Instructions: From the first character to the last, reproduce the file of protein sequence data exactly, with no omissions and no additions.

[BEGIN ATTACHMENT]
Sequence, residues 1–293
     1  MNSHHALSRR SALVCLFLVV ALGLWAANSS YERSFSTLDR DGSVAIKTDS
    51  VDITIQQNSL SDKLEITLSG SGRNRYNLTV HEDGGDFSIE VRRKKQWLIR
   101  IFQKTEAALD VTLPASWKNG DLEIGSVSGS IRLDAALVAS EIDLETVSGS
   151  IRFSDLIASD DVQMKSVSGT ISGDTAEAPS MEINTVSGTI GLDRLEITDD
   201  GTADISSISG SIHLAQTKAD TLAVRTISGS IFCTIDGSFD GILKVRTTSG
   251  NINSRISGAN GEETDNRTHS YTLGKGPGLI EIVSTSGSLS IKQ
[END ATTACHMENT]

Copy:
Sequence, residues 1–293
     1  MNSHHALSRR SALVCLFLVV ALGLWAANSS YERSFSTLDR DGSVAIKTDS
    51  VDITIQQNSL SDKLEITLSG SGRNRYNLTV HEDGGDFSIE VRRKKQWLIR
   101  IFQKTEAALD VTLPASWKNG DLEIGSVSGS IRLDAALVAS EIDLETVSGS
   151  IRFSDLIASD DVQMKSVSGT ISGDTAEAPS MEINTVSGTI GLDRLEITDD
   201  GTADISSISG SIHLAQTKAD TLAVRTISGS IFCTIDGSFD GILKVRTTSG
   251  NINSRISGAN GEETDNRTHS YTLGKGPGLI EIVSTSGSLS IKQ